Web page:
CARS microscopy requires a high peak power source similar to those required by 2PF microscopy. However, a CARS measurement, unlike 2PF, is not background-free. The non-resonant background limits the image contrast and spectral selectivity and much work has concentrated on methods to overcome this background. SRS imaging is largely free from the non-resonant background inherent in CARS. Nonetheless, there are still nonlinear processes such as two-photon absorption, excited state absorption, and thermal lensing that can impact the SRS signal. Not only is the SNR improved in SRS, the Raman spectral fidelity is also preserved. Furthermore, because the SRS signal has a linear dependence on concentration, it has the potential to be a powerful method for label-free quantitative determination of chemical concentration of individual species in a multi-component system. These qualities make SRS microscopy a straightforward method for image interpretation and quantification.
The impact of using different laser pulses to excite Raman transitions for CARS and SRS microscopy
Figure 3. The impact of using different laser pulses to excite Raman transitions for CARS and SRS microscopy. The difference in laser frequencies (Ω = ωP- ωS) shows efficient overlap with the width of the Raman transition (grey region) for ps pulses but not for fs pulses. Alternatively, the use of chirped fs pulses allows for good spectral overlap using ultrafast pulses.
While 100 fs pulses provide the high peak power needed for a strong signal from CARS or SRS, the corresponding bandwidth of these pulses is about 10 nm, which is much broader than the width of most Raman lines. This is illustrated in Figure 3. Accordingly, a large portion of the pulse energy only contributes to the generation of the non-resonant background. The line width of the Raman transition is better matched by ps pulses (see Figure 3) and much work has been done with ps lasers or OPOs.

A clever solution called spectral focusing allows the full bandwidth of a fs pulse to be used efficiently for these nonlinear microscopy techniques. In this method, both the pump (ωP) and Stokes (ωS) pulses are linearly chirped as shown in Figure 3. Optical pulses where the frequency increases or decreases within the temporal pulse are referred to as chirped, in analogy with sound pulses. Therefore, in the plots shown in Figure 3, a horizontal line represents a pulse that is not chirped and the vertical width of the line represents the bandwidth of the pulse. Conversely, a tilted line indicates a linearly chirped pulse. When both the pump and the Stokes pulses are linearly chirped by the same amount, the difference between the two frequencies (Ω = ωP- ωS) can be quite narrow. Thus, two broadband fs pulses can still be used to efficiently excite a narrowband Raman line. Tuning of the frequency difference between the pulses is also possible using this technique. This is accomplished not by tuning the central wavelength of the laser but rather by changing the relative timing between the two chirped pulses. Spectral focusing allows fs lasers to be used for all nonlinear microscopy techniques including CARS and SRS.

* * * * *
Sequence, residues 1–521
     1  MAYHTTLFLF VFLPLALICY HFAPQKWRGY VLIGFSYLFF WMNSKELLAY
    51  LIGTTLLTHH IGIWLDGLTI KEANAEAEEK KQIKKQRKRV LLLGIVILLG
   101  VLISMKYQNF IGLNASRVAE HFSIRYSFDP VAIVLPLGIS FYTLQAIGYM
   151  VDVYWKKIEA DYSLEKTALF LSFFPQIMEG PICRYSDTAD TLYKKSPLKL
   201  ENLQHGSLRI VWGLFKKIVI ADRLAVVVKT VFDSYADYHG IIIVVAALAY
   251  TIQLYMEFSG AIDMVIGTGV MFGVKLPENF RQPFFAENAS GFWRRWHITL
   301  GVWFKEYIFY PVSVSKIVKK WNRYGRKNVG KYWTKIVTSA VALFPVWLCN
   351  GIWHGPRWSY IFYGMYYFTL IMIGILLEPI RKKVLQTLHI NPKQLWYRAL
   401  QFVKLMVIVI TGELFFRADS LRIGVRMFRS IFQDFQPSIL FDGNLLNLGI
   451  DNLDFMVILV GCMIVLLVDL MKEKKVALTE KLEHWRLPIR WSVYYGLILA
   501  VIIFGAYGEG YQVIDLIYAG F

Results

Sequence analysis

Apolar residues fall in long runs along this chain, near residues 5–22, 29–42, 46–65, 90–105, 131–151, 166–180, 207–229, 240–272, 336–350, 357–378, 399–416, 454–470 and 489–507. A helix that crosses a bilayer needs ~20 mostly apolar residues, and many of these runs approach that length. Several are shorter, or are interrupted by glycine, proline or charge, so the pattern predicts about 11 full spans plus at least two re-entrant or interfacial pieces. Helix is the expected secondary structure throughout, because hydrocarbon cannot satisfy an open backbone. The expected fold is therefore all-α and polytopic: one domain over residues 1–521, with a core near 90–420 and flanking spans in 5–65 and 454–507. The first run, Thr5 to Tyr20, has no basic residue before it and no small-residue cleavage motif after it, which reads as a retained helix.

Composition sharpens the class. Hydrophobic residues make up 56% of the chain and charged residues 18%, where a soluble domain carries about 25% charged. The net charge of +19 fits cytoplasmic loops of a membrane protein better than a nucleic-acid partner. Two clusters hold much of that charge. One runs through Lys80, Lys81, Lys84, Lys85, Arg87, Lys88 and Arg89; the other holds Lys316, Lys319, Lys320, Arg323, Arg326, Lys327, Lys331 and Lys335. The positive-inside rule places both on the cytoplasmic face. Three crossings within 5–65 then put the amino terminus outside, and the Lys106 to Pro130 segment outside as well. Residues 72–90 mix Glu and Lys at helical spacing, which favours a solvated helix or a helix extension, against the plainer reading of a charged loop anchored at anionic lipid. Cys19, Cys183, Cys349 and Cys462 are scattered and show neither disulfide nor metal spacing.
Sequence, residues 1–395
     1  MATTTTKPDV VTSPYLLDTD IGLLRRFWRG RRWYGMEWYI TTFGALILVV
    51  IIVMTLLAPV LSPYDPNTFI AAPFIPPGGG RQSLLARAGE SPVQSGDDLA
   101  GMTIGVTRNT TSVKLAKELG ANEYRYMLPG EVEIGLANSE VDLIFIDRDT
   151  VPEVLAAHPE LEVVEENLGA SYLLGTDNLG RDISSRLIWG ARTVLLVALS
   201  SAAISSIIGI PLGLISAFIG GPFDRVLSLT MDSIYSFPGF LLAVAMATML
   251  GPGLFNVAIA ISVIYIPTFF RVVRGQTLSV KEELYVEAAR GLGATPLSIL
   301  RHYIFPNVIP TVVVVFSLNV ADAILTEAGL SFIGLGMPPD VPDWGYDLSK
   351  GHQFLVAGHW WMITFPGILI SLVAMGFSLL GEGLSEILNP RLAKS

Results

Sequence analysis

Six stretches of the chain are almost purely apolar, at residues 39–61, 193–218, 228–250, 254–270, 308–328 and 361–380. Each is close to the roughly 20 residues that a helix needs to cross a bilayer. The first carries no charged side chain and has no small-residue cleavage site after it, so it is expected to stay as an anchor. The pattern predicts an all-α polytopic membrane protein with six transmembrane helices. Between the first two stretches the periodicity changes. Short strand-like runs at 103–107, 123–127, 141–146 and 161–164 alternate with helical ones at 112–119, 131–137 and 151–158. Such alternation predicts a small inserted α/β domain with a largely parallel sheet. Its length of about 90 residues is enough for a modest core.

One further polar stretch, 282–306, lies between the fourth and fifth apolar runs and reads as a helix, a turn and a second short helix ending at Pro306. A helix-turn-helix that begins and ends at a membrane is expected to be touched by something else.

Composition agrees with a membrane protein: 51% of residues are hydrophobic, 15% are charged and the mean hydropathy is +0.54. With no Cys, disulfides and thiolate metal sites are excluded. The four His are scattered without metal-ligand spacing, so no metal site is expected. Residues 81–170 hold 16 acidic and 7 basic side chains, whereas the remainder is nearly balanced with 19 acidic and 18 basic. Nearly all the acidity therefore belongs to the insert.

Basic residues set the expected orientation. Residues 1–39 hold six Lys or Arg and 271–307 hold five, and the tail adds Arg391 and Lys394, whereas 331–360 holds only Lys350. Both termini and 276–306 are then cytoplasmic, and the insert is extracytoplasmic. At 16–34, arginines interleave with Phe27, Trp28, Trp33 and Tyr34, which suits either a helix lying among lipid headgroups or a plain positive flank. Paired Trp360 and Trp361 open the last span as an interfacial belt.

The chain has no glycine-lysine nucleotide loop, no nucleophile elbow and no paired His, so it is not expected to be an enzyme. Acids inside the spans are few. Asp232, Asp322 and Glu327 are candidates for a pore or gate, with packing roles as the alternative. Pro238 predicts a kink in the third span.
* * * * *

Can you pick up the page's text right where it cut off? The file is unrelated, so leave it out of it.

In SFG microscopy, the fluorescent dye is omitted and the sum frequency signal is generated from the sample itself, similar to both SHG and THG microscopy. However, in contrast to these techniques where only a single wavelength is required, two different wavelengths are required for SFG. Consequently, this technique has similar requirements to CARS in that the pulses from the two lasers must arrive at the same location in the sample at the same time. Therefore, synchronized lasers are needed for SFG microscopy.

Cross-sectional view of an atherosclerotic plaque demonstrating multi-modal imaging
Figure 4. Cross-sectional view of an atherosclerotic plaque demonstrating multi-modal imaging.
An interesting application of multi-modal imaging is shown in Figure 4 where atherosclerotic plaque in an iliac artery was studied in using three different modalities: CARS, 2PF, and SFG. All three techniques work without labels and the sample was studied in vivo. The plaque shows up in the CARS image due to the strong signal from lipid bodies that are enriched in C-H bonds. The 2PF image (endogenous fluorophores generate two-photon excitation fluorescence or TPEF) also shows the lipid core while the SFG image reveals a lack of collagen fibrils in the same region.

The MKS Spectra-Physics InSight® X3™ laser, when equipped with the fixed 1045 nm dual beam option, can fully support the diverse needs of multimodal imaging. The two synchronized output beams, one tunable and one at the fixed wavelength, enable simultaneous imaging of various fluorescent proteins (for example GFP and mCherry) and genetically encoded calcium indicators (GCaMP6 and jRGECO1a), SHG/THG imaging, and advanced imaging techniques such as CARS and SRS.